It’s been one month since emergency COVID benefits were taken away from SNAP recipients, and families across the region have been taking a real hit.

According to the Second Harvest Food Bank, families and the elderly were the group of recipients who were affected the most.

“The people that need it the most seem to be the people who are affected the worst,” said Bonnie Rearick, SNAP outreach coordinator, Second Harvest Food Bank.

Extra allotment money was given to SNAP recipients due to the pandemic. This allotment disappeared as of March 1.

With such a short notice, recipients had to find other ways to fight food insecurity.

“This extra money that they were getting was part of their budget every month for food. When it went away there was only really a month to a month and a half notice, so people didn’t have enough time to adjust their budgets,” said Rearick.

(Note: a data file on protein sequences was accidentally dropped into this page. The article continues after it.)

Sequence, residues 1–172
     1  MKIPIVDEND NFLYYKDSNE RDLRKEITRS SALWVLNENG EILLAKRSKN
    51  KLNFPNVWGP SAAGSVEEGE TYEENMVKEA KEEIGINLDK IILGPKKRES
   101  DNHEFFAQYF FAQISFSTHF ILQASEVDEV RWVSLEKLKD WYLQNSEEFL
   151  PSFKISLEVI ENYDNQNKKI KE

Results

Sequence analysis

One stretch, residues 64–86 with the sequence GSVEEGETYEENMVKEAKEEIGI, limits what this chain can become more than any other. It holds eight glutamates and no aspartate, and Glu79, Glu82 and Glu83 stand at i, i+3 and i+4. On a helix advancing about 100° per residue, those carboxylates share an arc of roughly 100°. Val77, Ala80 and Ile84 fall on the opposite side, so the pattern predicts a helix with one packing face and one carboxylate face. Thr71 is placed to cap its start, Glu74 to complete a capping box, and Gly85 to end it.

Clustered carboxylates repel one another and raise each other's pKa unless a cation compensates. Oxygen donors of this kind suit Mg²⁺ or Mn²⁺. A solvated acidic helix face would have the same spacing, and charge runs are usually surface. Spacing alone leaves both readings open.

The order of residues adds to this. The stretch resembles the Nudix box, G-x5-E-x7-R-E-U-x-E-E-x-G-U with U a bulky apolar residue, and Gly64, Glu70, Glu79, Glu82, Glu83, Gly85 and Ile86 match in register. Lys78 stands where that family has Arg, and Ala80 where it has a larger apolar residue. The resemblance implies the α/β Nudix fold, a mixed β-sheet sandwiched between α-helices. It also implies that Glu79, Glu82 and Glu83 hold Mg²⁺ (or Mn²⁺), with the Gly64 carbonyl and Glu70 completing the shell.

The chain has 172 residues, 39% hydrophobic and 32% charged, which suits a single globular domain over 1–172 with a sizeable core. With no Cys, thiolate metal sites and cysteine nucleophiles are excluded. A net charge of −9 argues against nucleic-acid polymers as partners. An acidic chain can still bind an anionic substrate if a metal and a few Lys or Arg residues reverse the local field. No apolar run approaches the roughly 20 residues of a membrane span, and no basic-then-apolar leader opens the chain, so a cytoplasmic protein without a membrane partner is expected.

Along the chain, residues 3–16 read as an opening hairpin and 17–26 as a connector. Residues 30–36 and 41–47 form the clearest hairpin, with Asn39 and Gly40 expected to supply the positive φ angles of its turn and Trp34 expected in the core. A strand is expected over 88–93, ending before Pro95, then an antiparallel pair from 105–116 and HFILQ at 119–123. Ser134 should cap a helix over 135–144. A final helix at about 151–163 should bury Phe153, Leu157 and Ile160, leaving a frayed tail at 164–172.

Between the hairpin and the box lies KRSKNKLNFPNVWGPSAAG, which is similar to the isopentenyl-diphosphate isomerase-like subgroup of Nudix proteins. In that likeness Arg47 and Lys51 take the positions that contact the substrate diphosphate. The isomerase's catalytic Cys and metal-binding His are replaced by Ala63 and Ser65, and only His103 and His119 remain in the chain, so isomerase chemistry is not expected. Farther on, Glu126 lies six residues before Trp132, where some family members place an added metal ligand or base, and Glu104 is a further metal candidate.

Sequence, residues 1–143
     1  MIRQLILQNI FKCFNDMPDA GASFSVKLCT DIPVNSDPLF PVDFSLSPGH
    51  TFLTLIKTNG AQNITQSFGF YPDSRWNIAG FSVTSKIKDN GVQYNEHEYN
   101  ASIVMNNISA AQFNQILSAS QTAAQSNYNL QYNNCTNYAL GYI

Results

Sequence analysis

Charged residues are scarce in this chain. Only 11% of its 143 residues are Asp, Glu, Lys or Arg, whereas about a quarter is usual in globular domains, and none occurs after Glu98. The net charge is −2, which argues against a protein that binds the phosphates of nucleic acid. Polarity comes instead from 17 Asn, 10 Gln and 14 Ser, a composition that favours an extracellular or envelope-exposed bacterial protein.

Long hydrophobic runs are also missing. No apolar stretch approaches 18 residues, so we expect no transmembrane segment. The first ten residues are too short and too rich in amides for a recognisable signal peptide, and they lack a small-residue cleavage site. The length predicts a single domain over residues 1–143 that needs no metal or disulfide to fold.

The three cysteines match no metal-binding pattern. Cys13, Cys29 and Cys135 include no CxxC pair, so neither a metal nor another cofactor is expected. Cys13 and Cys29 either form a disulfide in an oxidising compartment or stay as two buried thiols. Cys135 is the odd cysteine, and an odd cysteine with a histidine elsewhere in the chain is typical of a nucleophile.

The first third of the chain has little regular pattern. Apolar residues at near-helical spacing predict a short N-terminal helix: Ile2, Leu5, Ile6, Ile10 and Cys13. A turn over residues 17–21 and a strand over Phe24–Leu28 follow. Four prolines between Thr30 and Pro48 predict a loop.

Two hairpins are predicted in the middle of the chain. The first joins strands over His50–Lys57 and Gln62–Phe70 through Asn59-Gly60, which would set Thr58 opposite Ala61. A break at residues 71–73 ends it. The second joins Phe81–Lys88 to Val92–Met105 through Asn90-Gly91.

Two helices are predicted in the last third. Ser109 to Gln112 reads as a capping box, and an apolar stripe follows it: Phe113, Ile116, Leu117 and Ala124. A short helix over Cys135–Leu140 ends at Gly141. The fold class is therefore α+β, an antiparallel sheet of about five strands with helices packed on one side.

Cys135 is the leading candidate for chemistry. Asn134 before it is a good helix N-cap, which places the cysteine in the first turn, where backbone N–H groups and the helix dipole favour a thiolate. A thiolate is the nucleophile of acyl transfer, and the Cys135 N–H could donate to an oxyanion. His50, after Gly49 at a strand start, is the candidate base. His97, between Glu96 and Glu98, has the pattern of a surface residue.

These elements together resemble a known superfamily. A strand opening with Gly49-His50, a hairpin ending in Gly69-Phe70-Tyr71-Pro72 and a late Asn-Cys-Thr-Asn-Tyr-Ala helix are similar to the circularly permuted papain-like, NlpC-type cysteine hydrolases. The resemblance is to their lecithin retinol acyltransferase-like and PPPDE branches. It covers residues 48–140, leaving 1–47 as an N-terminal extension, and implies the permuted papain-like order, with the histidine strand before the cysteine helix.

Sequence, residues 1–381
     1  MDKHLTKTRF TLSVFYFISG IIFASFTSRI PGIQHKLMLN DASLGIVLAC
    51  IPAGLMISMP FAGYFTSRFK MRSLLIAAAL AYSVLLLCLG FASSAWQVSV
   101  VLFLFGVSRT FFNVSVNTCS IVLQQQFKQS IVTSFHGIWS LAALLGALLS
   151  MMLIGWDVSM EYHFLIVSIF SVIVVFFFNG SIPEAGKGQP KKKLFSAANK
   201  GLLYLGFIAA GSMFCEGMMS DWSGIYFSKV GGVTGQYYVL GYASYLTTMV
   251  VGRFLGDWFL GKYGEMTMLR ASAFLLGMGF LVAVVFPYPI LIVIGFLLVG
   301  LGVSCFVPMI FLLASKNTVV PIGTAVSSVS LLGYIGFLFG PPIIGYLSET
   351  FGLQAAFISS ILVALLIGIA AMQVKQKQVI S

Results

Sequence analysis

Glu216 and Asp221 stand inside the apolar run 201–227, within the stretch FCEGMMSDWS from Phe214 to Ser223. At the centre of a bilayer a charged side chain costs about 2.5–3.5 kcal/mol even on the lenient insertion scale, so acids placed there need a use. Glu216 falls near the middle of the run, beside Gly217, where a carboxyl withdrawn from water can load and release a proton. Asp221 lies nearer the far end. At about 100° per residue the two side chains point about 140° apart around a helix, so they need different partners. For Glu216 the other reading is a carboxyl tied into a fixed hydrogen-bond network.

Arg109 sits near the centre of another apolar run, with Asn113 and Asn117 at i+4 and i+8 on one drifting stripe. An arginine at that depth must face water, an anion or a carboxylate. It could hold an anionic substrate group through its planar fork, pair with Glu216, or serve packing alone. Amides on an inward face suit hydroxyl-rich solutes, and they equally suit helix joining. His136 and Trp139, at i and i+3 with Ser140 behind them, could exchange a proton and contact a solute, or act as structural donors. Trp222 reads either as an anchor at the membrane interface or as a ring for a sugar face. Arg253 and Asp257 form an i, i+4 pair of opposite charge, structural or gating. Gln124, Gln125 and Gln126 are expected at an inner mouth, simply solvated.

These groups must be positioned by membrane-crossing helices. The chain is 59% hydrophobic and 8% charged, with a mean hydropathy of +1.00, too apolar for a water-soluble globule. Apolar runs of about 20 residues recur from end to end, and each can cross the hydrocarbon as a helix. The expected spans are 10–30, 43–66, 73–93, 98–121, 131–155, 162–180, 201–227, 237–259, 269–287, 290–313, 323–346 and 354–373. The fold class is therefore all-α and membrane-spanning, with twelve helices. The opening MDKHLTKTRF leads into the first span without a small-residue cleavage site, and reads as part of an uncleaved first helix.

At the Second Harvest Food Bank, children are the highest percentage of individuals that they serve at this time of year.

As of this month, the food bank is seeing a higher percentage of families with children coming to their food distributions due to cuts in their benefits.

“We do have a way that if you tell me where you live I can tell you what food pantries or mobile distributions are closest to you,” said Rearick.

The Erie County WIC program has also seen an increase of those in need. It’s another resource for those who qualify.

“When you get your benefits cut that does make you concerned about how are you going to afford food for your family. WIC is here to support that. We serve children up to age five and women who are pregnant or breast feeding or postpartum. Please come in and get your benefits because we have them available for you,” said Barbara Warner, nutritionist; outreach coordinator, Erie County WIC.

Warner explained that families can use their WIC benefit first, then use their regular SNAP payment to fill in what they need.

“We know it is a time of insecurity for food benefits, but WIC is definitely here to help. Our community I think is a good one that we have many organizations that can help you, so just make sure you know what’s out there,” said Warner.

Warner recommends coming to the WIC office if you are eligible for those benefits, and using all community resources such as the food bank, pantries and churches.